But Conner pointed out that an export certificate from Canada is not a required item. “The aircraft will have to undergo a complete inspection prior to any certification,” he said. “Look at it this way: The certificate is like a birth certificate for the plane. Once your purchase transaction is complete, the seller will have to notify the exporting government that the registration needs to be canceled in that country. The countries have to work together because any aircraft can only be registered in one country at a time. Once the registration has been canceled in the country of origin, you can apply for a US registration.”
Conner stressed that while “almost any aircraft can be registered with the proper documentation, an airworthiness certificate cannot be issued prior to the permanent registration being issued. Temporary registrations are not at all adequate for the inspection and issuance of the certificate.”
Your DAR (in the US)
Once these steps are complete, you are ready for the DAR of your choice to inspect the aircraft. In June 2020, the FAA initiated a new process for applying for certificates online. It is called AWC. All the required information and application from you, as an applicant, can be loaded into a portal on this website; then it is forwarded to the inspector of your choice.
“Again, Google ‘FAA AWC’ and you should find it,” Conner said. “The DAR will inform you of his or her fee for this inspection. Keep in mind all designees are well-qualified, licensed A&P mechanics, but they are limited in this capacity to only inspecting. They may not do anything mechanical.”
Conner said your airworthiness certificate is not far away at this point. “Once the DAR has inspected the aircraft for full compliance with the TCDS, checked required placards, verified your AD list, and whatever else might be needed, you will be issued the airworthiness certificate,” he said.
The Export Process
Conner said the export to a foreign country is not much different. “The US has bilateral agreements with many countries,” he said. “These agreements between countries specify what is expected for import or export between them.
“Many countries now require an export certificate in order for it to be placed on their registration. Again, DARs charge for this service based mostly on the complexity of the aircraft and the amount of time required to complete the certification.”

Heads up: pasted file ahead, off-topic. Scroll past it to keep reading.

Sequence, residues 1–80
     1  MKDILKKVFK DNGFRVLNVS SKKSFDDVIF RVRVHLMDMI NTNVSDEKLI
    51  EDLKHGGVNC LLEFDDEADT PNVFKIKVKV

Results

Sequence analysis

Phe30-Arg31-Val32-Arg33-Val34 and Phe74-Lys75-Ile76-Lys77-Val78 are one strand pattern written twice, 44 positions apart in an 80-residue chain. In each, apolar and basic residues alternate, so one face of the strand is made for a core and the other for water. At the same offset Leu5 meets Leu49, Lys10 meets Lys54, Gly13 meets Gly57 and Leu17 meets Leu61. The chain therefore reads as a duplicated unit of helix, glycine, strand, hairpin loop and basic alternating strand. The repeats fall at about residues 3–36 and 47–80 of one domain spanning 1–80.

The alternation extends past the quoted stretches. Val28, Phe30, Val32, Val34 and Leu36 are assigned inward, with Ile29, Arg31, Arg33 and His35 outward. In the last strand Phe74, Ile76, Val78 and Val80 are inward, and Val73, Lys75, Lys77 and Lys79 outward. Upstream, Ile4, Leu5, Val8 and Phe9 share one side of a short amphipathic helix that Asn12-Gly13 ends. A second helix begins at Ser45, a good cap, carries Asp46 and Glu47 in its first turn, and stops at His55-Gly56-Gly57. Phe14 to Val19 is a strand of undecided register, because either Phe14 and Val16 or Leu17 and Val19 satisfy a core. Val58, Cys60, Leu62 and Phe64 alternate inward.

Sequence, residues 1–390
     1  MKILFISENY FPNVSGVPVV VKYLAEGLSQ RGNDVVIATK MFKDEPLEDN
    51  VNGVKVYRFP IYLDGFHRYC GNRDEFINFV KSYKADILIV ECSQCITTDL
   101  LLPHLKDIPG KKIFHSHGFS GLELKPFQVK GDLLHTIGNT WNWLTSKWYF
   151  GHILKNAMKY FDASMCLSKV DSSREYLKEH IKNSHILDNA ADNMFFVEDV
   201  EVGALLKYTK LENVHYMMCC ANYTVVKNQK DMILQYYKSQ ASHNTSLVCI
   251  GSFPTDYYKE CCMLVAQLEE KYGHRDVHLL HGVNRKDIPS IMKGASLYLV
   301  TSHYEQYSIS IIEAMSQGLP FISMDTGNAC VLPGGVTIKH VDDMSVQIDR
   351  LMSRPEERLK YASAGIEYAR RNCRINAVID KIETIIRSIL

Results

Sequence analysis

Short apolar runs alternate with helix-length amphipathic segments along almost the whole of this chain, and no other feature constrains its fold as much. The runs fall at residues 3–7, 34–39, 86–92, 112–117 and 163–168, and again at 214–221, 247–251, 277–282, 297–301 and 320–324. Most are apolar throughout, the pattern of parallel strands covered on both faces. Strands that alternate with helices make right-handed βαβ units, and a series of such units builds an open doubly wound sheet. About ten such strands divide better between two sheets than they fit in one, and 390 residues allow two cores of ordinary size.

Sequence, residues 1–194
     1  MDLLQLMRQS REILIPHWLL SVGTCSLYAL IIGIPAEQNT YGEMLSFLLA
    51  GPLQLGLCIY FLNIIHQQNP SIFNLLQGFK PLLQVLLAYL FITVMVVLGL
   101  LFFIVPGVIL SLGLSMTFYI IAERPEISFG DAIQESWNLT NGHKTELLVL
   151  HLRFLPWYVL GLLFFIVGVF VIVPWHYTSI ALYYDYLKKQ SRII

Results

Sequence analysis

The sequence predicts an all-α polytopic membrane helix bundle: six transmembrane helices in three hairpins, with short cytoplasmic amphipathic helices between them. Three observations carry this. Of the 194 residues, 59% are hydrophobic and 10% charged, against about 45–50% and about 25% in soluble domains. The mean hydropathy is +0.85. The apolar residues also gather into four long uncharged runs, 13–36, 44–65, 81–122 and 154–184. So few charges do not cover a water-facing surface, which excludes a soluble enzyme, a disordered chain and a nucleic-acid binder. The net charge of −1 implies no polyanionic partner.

Conner added that although you can certainly purchase an experimental aircraft from another country and receive an airworthiness certificate here, since it will not meet any FAA standards it will not be entitled to an export certificate from that country. So basically, you are on your own.
About Peter Conner
Yankee Aviation Services
After getting his private and commercial flying ratings, Pete initially hoped to become an airline pilot. When that did not work out, he was happy to use his mechanic’s licenses, which he had obtained shortly after graduating from high school.
From 1965 on, it has been nonstop aircraft maintenance with some occasional flight instruction mixed in. While still in the Navy in 1968, he became an authorized inspector while attached to the Baltimore, Maryland, office of the FAA.
In 1986, after a considerable application process to the FAA, Pete was appointed as a Designated Airworthiness Representative (DAR) for maintenance by the Boston office of the FAA. He is one of only a handful of folks in the New England area with this honor. Many of the functions he is allowed to perform on behalf of the FAA are listed on the company home page (yankeeaviation.com). In 1988 Pete was designated as an examiner for mechanic applicants by the FAA. In1997 He received an award he is most proud of:” Mechanic of the Year “for the New England Region of the FAA. Also in November of 2015 he had the privilege of receiving both the FAA’s Charles Taylor Master Mechanic Award and the Wright Brothers Master Pilot Award recognizing his active 50 years in aviation. Peter is an active pilot , having owned 25 different airplanes, and has attended numerous aviation mechanic schools, Including Cessna 300/400 series, Piper Aerostar, single engine Cessna, and most recently the Eclipse 500 school. He is now currently flying a Piper archer after selling the 700 Aerostar.